- Politics and Social Issues
Hitler's Children - A Journey Out of the Dark
The Holocaust's Unknown Victims
The Holocaust. Even saying the word aloud invokes images of the horror that has become known to the whole world. Six million Jews were systematically exterminated at the hands of the Nazis. Medical experiments of a diabolical nature were employed on the weak and the helpless. The Jews were not the only victims of the Nazi regime of terror. They also set their sights on the infirm, the homosexuals, the gypsies and political rivals. But there are a number of other unsung victims in this war. You rarely hear their stories. You rarely hear their names mentioned. You never see their faces - until now. These are the children of the Nazi regime - the children of the men most notoriously associated with Nazi ideals. The children who have been stigmatized and hated because of the crimes of their parents, grandparents and uncles. This documentary shines a light in the dark and tells the stories of those nameless, faceless people that the world forgot - and it does it in a way that will make forgetting impossible in the present - and moving forward.
Living with a Bloody, Tainted Name
Goring. Himmler. Hoess. Frank. Goeth. These names are familiar to anyone well-acquainted with the history of World War II. In this brave and illuminating documentary, you enter into the lives of those tainted by the war - not because of their Jewish heritage, but because of their family name. Bettina Goring is none other than the great-niece of Hermann Goring - a high ranking and notorious Nazi. She is joined by the great-niece of Heinrich Himmler, Hitler's second in command. The grandson of Rudolph Hoess (notorious for running the infamous Auschwitz concentration camp responsible for the murder of millions) goes on a heartbreaking but revealing journey of discovery - back to Auschwitz in the company of a third generation Auschwitz survivor. Monika Goeth is the daughter of notorious Nazi war criminal Amon Goeth - made famous (or infamous) in his depiction in the film Schindler's List. All of these voices share a story - a story that has been long buried in the pages of history by those who want nothing to do with hearing the story from a different view. These children are survivors too. They have to live with the stigma of their names, no matter how removed from the events they happen to be. Some have escaped the negativity of Europe to begin a new life elsewhere. Others have dug in and endured the hardships as much as possible. Several have written books. Several speak publicly about their memories and their experiences. Many of them had a family member ultimately executed for their crimes against humanity during the war. These voices are rare - and they have a story that is worth sharing. It is worth remembering that the Holocaust in general had a lot more victims than is often believed - victims that were guilty of no more wrongdoing than just their surname.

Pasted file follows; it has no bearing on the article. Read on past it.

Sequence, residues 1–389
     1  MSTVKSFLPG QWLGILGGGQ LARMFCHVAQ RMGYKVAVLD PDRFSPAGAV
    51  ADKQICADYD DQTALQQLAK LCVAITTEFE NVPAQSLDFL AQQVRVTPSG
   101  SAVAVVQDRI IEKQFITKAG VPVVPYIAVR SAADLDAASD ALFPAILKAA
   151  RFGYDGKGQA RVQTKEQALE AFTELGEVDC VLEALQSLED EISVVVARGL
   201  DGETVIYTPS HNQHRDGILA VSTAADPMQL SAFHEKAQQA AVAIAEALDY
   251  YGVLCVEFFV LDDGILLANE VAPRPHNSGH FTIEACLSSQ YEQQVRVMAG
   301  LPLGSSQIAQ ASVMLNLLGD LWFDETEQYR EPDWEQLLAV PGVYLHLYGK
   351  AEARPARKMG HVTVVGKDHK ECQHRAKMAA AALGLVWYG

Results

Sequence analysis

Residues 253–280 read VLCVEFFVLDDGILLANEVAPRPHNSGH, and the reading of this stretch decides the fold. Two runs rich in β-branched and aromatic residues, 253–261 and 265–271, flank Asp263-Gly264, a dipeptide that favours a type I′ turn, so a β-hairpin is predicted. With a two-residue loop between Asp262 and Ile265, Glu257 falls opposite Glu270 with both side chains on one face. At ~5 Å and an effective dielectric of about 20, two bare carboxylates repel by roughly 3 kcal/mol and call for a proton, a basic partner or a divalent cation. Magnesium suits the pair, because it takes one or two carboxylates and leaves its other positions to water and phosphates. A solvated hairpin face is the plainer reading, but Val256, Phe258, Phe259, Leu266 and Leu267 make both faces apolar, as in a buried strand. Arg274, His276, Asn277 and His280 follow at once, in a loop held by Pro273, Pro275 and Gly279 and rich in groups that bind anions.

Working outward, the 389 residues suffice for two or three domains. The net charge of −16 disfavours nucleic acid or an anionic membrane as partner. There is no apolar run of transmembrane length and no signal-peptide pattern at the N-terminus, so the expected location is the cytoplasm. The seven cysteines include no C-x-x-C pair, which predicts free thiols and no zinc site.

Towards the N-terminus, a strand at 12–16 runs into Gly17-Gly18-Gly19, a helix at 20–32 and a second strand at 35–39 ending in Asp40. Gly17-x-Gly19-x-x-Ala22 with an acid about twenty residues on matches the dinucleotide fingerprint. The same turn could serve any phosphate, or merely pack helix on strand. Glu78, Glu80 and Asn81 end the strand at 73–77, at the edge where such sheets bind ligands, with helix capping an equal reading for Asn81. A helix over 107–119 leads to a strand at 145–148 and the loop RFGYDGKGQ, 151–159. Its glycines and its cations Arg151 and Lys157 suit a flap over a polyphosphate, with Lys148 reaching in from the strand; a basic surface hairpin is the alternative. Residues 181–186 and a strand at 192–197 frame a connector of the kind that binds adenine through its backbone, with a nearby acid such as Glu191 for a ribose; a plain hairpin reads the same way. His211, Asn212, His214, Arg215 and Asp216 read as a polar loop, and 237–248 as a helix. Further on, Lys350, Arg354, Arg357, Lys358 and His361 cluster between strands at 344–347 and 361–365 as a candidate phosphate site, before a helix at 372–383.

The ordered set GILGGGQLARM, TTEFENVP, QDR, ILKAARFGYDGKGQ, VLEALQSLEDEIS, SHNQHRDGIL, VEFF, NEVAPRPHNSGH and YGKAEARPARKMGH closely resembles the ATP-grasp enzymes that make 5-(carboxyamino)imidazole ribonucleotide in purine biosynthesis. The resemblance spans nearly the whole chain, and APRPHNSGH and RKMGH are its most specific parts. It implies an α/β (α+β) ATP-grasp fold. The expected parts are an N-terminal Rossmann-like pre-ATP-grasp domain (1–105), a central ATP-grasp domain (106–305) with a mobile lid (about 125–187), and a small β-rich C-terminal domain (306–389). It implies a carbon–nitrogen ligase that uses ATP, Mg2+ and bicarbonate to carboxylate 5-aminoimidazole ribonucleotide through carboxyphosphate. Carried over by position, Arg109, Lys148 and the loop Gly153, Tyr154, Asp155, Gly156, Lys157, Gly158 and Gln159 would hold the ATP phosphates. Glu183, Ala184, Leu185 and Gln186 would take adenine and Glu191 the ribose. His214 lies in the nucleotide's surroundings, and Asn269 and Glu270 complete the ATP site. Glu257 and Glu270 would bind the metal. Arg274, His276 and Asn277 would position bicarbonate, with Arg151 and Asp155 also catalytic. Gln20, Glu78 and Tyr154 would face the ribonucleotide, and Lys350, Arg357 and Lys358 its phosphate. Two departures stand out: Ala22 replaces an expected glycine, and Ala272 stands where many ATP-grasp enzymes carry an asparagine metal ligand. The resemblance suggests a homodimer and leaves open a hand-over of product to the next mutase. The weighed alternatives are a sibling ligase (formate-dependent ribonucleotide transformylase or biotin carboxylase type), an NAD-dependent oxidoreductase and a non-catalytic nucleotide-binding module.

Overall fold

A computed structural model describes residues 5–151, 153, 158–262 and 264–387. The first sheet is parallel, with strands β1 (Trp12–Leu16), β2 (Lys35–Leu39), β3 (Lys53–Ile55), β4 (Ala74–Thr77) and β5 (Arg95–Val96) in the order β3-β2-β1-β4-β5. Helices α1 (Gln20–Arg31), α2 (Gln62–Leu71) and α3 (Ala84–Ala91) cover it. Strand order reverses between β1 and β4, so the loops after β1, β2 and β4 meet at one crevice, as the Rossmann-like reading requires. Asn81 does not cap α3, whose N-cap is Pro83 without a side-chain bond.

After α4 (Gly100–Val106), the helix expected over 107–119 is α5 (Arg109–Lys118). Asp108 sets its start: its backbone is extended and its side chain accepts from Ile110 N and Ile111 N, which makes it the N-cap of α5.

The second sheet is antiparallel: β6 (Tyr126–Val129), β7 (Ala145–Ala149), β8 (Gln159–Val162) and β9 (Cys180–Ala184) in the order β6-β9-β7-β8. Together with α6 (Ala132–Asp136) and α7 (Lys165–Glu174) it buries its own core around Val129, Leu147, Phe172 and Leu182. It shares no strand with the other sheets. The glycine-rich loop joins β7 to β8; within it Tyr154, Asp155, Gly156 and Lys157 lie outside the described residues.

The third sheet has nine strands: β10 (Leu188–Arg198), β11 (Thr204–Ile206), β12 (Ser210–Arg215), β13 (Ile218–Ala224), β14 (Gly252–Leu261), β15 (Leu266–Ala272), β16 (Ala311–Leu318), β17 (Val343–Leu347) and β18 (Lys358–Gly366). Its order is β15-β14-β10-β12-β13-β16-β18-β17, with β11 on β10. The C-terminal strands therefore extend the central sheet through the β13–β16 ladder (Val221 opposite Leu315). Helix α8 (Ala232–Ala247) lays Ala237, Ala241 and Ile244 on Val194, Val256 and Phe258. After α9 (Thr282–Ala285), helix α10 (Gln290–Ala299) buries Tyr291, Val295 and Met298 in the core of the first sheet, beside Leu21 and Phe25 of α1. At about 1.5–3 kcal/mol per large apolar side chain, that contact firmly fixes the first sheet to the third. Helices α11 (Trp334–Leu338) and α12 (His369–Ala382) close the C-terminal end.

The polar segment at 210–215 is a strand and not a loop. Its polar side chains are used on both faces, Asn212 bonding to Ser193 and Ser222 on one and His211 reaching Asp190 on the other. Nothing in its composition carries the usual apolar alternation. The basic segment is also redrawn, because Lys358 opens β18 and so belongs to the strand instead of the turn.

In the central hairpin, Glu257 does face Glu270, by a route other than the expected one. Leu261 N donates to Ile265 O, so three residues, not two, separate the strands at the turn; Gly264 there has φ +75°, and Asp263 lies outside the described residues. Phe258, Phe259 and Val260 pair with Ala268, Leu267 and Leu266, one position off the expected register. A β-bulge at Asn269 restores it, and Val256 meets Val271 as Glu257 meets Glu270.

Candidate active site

Unfortunately, these children (now adults) are often overlooked in the study of World War II and the holocaust. They are some of the untold victims who never got the chance to tell their side of the story and get their experiences out in the open - until now. While their voices may be raised in silence and the impression of distrust, it becomes imperative to listen to them without preconceived judgement and to understand that those persecuted by the Nazi state are not the only victims of the atrocities carried out by the Third Reich.
Would You Watch this Documentary?
Emotional Moments and Digging for the Truth